A senior shadow cabinet minister has admitted that people have been “upset and hurt” by Labour’s initial response to the Israel-Hamas conflict.
Wes Streeting, the shadow secretary of state for health and social care, said that people wanted his party to be “louder and clearer” about the humanitarian crisis unfolding in Gaza.
Asked if voters could be turned away from Labour as a result, Streeting said: “No, I think people have been upset and hurt and wanted us to be louder and clearer on the humanitarian crisis.”
The comments, issued on Sky News, come as tensions have emerged in the Labour Party over the party’s stance on the Israel-Hamas conflict, with Labour leader Keir Starmer having been heavily criticised after an earlier interview with LBC.
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In the interview with LBC, Starmer appeared to suggest that Israel had the right to withhold water and food from Palestinians in Gaza.
The presenter asked of Israel’s response to Hamas’ initial attack: “A siege is appropriate? Cutting off power, cutting off water?”. The Labour leader responded: “I think that Israel does have that right. It is an ongoing situation.”
Starmer’s spokesman has since suggested that the LBC interview confused Labour’s position because “there were overlapping questions and answers based on what had been being said before”.
A subsequent visit to a Mosque was criticised after Starmer released a statement on X (formerly Twitter )which was considered by attendees to have “gravely misrepresented” the meeting.
After the visit, a post on X from the Labour leader read: “I was grateful to hear from the Muslim community of the South Wales Islamic Centre.
“I repeated our calls for all hostages to be released, more humanitarian aid to enter Gaza, for the water and power to be switched back on, and a renewed focus on the two state solution.”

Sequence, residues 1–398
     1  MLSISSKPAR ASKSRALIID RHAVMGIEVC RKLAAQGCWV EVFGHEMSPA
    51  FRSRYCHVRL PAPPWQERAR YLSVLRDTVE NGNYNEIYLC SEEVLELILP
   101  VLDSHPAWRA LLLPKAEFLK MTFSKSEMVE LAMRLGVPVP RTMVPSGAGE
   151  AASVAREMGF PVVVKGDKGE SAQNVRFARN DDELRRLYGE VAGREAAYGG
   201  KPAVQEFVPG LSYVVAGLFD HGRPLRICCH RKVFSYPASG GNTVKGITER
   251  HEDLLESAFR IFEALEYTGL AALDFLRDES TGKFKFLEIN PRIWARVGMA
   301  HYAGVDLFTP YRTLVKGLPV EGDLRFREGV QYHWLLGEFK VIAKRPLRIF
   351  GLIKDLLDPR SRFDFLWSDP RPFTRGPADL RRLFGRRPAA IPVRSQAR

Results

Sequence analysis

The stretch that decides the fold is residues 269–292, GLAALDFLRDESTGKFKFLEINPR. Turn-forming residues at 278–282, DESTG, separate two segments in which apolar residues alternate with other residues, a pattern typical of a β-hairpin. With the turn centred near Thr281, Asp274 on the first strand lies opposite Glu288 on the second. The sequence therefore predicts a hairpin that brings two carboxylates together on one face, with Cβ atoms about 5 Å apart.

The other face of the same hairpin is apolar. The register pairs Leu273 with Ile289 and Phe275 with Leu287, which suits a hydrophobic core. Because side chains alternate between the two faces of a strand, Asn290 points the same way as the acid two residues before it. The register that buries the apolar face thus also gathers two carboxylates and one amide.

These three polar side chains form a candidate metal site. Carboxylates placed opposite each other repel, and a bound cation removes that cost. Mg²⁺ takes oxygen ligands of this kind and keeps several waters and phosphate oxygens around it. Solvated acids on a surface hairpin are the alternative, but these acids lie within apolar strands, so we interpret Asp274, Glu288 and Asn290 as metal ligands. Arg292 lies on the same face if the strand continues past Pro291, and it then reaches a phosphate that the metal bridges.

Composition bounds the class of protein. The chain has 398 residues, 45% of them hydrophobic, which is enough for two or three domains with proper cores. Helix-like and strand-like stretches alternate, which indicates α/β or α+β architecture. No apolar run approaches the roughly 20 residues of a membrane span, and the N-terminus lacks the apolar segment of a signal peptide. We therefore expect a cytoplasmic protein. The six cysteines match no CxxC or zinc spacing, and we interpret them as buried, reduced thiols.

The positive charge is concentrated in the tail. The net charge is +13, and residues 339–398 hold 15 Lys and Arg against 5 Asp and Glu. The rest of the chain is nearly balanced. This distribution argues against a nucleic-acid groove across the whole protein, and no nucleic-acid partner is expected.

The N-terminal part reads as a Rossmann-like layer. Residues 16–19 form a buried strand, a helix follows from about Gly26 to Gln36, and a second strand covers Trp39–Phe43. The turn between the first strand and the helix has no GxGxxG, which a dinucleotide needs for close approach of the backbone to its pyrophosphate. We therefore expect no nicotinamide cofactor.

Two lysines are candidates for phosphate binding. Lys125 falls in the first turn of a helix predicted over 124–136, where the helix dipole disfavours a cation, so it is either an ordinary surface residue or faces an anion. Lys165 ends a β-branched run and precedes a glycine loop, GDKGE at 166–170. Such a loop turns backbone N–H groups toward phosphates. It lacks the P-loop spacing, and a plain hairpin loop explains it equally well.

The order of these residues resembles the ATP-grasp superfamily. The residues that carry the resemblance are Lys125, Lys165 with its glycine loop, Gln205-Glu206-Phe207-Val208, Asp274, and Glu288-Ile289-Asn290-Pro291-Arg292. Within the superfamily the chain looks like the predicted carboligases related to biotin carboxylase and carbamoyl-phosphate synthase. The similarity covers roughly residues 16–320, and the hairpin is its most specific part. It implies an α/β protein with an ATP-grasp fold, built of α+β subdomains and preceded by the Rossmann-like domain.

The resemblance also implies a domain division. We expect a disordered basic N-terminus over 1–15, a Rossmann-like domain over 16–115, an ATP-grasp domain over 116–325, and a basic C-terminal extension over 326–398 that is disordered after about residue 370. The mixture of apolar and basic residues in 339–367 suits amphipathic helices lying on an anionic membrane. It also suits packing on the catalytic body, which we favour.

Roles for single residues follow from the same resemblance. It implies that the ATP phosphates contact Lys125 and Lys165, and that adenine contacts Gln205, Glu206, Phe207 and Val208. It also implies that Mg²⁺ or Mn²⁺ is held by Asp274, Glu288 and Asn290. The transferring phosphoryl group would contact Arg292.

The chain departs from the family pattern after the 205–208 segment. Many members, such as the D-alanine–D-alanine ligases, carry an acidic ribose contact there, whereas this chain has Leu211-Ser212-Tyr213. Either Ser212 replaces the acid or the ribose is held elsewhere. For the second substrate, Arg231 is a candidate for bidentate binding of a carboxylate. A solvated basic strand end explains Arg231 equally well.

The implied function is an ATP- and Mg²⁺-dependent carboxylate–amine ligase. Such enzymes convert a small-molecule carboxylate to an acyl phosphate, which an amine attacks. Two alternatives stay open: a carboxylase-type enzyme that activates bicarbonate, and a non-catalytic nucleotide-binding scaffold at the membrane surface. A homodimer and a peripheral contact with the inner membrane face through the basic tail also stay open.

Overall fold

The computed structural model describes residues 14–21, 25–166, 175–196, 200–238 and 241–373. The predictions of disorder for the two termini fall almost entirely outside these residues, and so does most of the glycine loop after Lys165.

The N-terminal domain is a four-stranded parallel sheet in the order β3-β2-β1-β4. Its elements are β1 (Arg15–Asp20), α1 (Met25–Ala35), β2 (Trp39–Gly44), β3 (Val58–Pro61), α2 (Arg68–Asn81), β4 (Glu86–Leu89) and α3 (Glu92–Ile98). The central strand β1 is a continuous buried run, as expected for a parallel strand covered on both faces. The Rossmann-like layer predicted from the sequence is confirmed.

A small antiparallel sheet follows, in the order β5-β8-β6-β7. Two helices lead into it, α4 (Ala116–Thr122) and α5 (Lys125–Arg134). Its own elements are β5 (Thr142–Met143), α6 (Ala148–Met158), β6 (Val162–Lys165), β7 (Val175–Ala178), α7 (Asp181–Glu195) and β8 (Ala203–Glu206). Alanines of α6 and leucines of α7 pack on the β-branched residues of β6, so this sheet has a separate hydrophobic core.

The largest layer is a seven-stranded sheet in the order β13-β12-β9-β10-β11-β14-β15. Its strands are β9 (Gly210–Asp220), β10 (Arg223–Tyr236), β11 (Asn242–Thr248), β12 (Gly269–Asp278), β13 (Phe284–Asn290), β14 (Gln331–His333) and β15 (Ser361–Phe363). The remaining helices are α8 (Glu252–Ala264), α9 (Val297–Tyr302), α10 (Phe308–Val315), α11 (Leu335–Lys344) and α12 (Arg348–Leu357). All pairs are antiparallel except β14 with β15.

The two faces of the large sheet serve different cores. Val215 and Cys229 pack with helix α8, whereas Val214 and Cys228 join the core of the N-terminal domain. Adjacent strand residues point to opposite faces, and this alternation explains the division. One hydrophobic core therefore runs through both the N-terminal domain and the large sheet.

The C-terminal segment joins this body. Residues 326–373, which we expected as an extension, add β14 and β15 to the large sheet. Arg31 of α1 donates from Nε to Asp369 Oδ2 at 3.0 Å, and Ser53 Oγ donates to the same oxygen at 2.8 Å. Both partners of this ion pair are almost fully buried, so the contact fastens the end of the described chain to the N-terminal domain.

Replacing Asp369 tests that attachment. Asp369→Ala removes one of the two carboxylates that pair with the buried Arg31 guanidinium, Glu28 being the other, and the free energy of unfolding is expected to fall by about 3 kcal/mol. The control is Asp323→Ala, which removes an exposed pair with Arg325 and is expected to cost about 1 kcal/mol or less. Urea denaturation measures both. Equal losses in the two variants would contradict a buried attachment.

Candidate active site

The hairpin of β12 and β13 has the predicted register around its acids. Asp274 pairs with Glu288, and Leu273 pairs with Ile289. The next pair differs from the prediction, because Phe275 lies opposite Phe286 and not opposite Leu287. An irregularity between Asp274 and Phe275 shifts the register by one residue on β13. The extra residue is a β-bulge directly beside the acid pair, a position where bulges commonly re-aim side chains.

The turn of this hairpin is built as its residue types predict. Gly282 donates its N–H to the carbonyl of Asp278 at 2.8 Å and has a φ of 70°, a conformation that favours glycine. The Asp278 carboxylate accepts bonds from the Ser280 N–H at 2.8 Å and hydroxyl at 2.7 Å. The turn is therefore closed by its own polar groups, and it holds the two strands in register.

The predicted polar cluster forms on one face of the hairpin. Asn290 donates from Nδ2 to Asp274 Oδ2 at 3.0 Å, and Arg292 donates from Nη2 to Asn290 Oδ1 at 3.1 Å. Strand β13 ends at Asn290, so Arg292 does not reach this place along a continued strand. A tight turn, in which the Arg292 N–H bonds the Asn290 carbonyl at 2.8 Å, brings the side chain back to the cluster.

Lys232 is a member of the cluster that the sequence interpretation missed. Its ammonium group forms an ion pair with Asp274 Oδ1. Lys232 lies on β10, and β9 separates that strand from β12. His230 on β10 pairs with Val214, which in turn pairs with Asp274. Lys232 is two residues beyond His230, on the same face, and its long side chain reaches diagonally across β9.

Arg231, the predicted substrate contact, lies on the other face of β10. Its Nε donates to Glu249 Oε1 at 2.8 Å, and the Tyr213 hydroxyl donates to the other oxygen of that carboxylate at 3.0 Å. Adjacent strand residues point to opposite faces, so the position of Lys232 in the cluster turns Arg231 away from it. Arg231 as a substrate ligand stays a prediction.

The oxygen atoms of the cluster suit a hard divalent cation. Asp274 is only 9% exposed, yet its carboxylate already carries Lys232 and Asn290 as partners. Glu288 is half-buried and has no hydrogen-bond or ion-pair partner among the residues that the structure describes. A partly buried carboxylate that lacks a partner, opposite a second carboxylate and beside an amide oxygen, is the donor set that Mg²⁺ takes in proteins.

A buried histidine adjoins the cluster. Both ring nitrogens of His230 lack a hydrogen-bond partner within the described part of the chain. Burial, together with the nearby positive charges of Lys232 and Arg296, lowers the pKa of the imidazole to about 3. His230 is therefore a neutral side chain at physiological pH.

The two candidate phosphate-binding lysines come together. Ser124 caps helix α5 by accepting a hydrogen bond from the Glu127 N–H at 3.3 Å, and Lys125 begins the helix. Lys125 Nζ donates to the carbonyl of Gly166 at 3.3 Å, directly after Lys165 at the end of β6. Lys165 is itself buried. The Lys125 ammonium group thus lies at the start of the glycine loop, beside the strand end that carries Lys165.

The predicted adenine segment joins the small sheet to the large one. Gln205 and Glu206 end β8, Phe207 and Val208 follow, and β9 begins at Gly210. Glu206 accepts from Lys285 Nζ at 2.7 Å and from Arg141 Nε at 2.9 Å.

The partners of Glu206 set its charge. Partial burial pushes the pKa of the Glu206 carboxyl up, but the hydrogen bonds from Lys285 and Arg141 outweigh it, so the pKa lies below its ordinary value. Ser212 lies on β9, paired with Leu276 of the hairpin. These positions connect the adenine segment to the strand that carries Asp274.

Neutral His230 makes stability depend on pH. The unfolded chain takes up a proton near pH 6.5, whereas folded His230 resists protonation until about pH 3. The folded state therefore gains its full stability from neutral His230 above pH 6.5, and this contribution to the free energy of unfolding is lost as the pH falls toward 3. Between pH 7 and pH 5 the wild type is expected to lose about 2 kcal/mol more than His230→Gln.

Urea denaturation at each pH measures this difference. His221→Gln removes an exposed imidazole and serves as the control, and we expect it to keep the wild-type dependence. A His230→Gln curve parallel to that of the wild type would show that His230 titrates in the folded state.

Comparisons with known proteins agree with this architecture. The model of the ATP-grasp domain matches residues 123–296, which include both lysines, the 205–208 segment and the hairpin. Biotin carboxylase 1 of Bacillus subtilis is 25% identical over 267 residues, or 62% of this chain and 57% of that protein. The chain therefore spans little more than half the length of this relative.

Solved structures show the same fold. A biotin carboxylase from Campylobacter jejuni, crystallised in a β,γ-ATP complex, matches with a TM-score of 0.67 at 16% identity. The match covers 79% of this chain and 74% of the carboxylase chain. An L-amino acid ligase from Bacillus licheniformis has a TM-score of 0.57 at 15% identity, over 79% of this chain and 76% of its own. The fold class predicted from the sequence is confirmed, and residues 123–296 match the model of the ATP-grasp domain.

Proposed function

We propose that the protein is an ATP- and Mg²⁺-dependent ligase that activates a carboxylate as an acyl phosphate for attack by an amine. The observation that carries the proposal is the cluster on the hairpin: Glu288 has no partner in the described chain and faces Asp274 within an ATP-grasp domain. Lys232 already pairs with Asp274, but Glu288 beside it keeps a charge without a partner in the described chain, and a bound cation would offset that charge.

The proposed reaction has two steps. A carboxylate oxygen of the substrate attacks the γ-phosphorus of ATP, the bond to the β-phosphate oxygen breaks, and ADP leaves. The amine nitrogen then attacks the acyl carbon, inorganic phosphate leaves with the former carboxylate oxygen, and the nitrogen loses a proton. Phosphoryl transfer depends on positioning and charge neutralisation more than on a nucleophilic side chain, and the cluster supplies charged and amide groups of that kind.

The centre’s statement said: “We wish to stress Keir Starmer’s social media post and images gravely misrepresented our congregants and the nature of the visit.
“We affirm, unequivocally, the need for a free Palestine. We implore all those with political authority to uphold international law, and to end the occupation of Palestine.”
Keir Starmer yesterday met concerned Muslim MPs and Peers with deputy leader Angela Rayner.
The meeting, which came as at least 20 Labour councillors have resigned from the party in protest at its positioning, saw senior figures discuss the backlash to Labour’s stance on the conflict in Israel and Gaza.
In the meeting, Starmer did not back calls for a ceasefire, instead saying Labour supports “humanitarian pauses”, mirroring the government’s position.
The position was repeated by Streeting, who said UK politicians need to prioritise supporting Israel in getting hostages back from Gaza “and making sure this sort of thing doesn’t happen again”.
Streeting also told Sky News that Starmer, despite previous comments in the LBC interview, “doesn’t think it’s ok cut off power and water”.
“It was never Keir’s intention to give the impression that we support those measures,” he said.
“In interviews you have a sustained line of questioning — he was answering a previous question and not that one.”
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